Postnatal cytomegalovirus exposure in infants of antiretroviral-treated and untreated HIV-infected mothers.
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HIV-1 and CMV are important pathogens transmitted via breastfeeding. Furthermore, perinatal CMV transmission may impact growth and disease progression in HIV-exposed infants. Although maternal antiretroviral therapy reduces milk HIV-1 RNA load and postnatal transmission, its impact on milk CMV load is unclear. We examined the relationship between milk CMV and HIV-1 load (4-6 weeks postpartum) and the impact of antiretroviral treatment in 69 HIV-infected, lactating Malawian women and assessed the relationship between milk CMV load and postnatal growth in HIV-exposed, breastfed infants through six months of age. Despite an association between milk HIV-1 RNA and CMV DNA load (0.39 log(10) rise CMV load per log(10) rise HIV-1 RNA load, 95% CI 0.13-0.66), milk CMV load was similar in antiretroviral-treated and untreated women. Higher milk CMV load was associated with lower length-for-age (-0.53, 95% CI: -0.96, -0.10) and weight-for-age (-0.40, 95% CI: -0.67, -0.13) Z-score at six months in exposed, uninfected infants. As the impact of maternal antiretroviral therapy on the magnitude of postnatal CMV exposure may be limited, our findings of an inverse relationship between infant growth and milk CMV load highlight the importance of defining the role of perinatal CMV exposure on growth faltering of HIV-exposed infants.
Published Version (Please cite this version)
Meyer, Sarah A, Daniel J Westreich, Emily Patel, Elizabeth P Ehlinger, Linda Kalilani, Rachel V Lovingood, Thomas N Denny, Geeta K Swamy, et al. (2014). Postnatal cytomegalovirus exposure in infants of antiretroviral-treated and untreated HIV-infected mothers. Infect Dis Obstet Gynecol, 2014. p. 989721. 10.1155/2014/989721 Retrieved from https://hdl.handle.net/10161/13925.
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Dr. Geeta Swamy, MD, is Professor of Obstetrics and Gynecology in the Division of Maternal-Fetal Medicine, having served as the director of the Duke Perinatal Research Center and Vice Chair for Research and Faculty Development in the Department of ObGyn. She has achieved international acclaim as a clinician researcher and expert in the field of maternal immunization and perinatal infection. As a consultant to the World Health Organization, Dr. Swamy contributes her knowledge to advance international work to evaluate the immunogenicity, safety, and efficacy of vaccines in pregnant women. The American College of ObGyn has grown to be the “collective voice” for women’s health, and Dr. Swamy has been a leader within that organization for the last two decades. She currently serves as the Co-Principal Investigator for the NIH-NIAID Vaccine Treatment and Evaluation (VTEU) and CDC Clinical Immunization Safety Assessment. In addition, she has been a leader at Duke and nationally in promoting a culture of scientific integrity and transparency in research. She has been instrumental in developing and leading the School of Medicine’s research initiatives in administration, regulatory oversight, and compliance. In 2018, she became Vice Dean for Scientific Integrity in the School of Medicine and Associate Vice President for Research for Duke University. In these roles she oversees the Duke Office of Scientific Integrity (DOSI) which houses the Advancing Scientific Integrity, Services, & Training (ASIST) initiative, conflict of interest, clinical quality management, incident response in research, and research misconduct. She also oversees the Duke Office of Research Initiatives, the Duke Health IRB, Office of Research Administration (ORA), and Office of Research Contracts (ORC).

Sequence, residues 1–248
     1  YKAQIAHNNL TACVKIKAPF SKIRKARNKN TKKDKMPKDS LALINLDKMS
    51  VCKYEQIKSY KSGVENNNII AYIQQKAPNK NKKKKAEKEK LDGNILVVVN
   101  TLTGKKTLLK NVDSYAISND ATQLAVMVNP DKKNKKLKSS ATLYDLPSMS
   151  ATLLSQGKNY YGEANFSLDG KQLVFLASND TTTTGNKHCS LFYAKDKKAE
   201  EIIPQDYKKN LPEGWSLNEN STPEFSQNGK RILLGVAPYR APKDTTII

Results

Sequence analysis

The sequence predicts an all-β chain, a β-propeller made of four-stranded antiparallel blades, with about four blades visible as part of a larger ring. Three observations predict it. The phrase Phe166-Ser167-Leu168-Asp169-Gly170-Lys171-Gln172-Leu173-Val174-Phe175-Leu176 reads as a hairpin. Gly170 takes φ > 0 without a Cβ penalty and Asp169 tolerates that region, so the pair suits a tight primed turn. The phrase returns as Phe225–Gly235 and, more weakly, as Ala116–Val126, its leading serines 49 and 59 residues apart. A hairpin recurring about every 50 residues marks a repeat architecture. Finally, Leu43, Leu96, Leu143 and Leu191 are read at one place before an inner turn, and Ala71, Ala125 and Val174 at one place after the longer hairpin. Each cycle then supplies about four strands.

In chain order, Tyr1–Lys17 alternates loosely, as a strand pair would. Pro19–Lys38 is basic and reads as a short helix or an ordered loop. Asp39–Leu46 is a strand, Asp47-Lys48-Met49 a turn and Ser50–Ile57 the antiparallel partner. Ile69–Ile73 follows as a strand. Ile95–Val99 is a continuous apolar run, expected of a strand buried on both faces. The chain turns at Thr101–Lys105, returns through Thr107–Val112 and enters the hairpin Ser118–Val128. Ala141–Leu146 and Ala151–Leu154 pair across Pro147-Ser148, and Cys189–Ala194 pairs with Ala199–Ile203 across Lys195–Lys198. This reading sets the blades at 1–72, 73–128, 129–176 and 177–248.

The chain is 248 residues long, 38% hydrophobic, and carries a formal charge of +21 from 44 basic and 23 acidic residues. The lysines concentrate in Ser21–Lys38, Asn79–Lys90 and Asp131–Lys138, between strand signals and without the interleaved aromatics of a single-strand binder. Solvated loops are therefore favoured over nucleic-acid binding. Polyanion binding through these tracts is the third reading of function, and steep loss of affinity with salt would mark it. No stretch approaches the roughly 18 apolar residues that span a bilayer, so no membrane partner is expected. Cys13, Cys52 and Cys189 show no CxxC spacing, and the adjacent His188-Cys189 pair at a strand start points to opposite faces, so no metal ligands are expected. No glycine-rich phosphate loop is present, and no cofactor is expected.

Dr. Permar's work focuses on the development of vaccines to prevent vertical transmission of neonatal viral pathogens. She has utilized the nonhuman primate model of HIV/AIDS to characterize the virus-specific immune responses and virus evolution in breast milk and develop a maternal vaccine regimen for protection against breast milk transmission of HIV. In addition, Dr. Permar's lab has advanced the understanding of HIV-specific immune responses and virus evolution in vertically-transmitting and nontransmitting HIV-infected women, defining maternal immune responses that may protect against neonatal transmission of HIV. Importantly, Dr. Permar has established a nonhuman primate model of congenital CMV infection adn is using this model to establish the maternal immune responses that are necessary for protection against placental virus transmission. Finally, Dr. Permar is studying the impact and prevention of postnatal CMV transmission in preterm infants.
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